But it's easy to become blase about being in Africa, especially if you're English and it's the rainy season. I've run out of breakfast stuff and need to visit the supermarket a few miles away to stock up, with only an hour and a half of daylight left. So I study the clouds, their movements, and calculate that I should be able to dodge any more cloudbursts if I'm quick, just like going to Waitrose in Caterham on a rainy day back home.
But this is Kenya, and I find that the tarmac at the bottom of Kingara Road has disappeared, buried under the mud washed down the hill by the day's rains. So this isn't like going to Caterham after all - I must remember that!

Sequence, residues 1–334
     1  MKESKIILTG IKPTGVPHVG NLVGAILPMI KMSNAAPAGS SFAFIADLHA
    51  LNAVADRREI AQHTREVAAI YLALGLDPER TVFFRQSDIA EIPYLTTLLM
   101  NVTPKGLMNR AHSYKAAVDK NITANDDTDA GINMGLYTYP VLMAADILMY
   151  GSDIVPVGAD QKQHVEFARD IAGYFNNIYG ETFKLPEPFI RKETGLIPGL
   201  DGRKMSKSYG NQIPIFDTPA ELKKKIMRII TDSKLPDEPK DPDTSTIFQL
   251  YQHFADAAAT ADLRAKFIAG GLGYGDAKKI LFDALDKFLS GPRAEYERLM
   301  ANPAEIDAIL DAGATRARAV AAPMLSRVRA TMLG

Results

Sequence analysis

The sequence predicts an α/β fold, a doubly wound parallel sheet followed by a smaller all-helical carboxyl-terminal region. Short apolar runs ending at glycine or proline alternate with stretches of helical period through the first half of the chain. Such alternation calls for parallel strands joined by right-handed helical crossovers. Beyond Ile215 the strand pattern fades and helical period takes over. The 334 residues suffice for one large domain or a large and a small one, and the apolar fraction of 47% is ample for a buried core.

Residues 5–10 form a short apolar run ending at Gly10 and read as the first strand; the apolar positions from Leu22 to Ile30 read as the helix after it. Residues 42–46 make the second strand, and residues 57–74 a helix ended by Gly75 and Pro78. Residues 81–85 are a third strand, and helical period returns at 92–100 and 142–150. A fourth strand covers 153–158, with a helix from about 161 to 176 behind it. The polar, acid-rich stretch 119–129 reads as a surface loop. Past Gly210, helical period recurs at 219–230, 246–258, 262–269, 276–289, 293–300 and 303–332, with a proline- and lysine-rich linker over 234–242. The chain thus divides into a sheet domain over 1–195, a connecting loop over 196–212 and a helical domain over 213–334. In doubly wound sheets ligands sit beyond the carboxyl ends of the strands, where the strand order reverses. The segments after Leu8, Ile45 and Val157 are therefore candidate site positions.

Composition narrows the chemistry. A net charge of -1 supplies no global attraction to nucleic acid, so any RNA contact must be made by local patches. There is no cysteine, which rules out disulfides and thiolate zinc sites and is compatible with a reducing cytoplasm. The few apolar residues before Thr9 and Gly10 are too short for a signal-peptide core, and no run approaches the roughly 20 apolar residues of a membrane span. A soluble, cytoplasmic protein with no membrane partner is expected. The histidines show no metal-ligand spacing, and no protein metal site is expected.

The knobbly tyres get me across the mud OK, then it's back into Caterham mode when I enter the supermarket. Weetabix and McVities Digestive fill the shelves and there's even Guinness, albeit a 'Foreign Extra' version, brewed here in Nairobi, not on the River Liffey.
Then back into Kenya mode once again in the car park outside as everyone calls "Jambo! Karibu!" when they realise from my numberplate and luggage that I'm a foreigner.
And I reach Jungle Junction just before the big black cloud that was following me.
The supermarket, by the way, is in the suburb called 'Junction', hence the quaint name of this overlanders' bolthole, although it is actually in Lavington.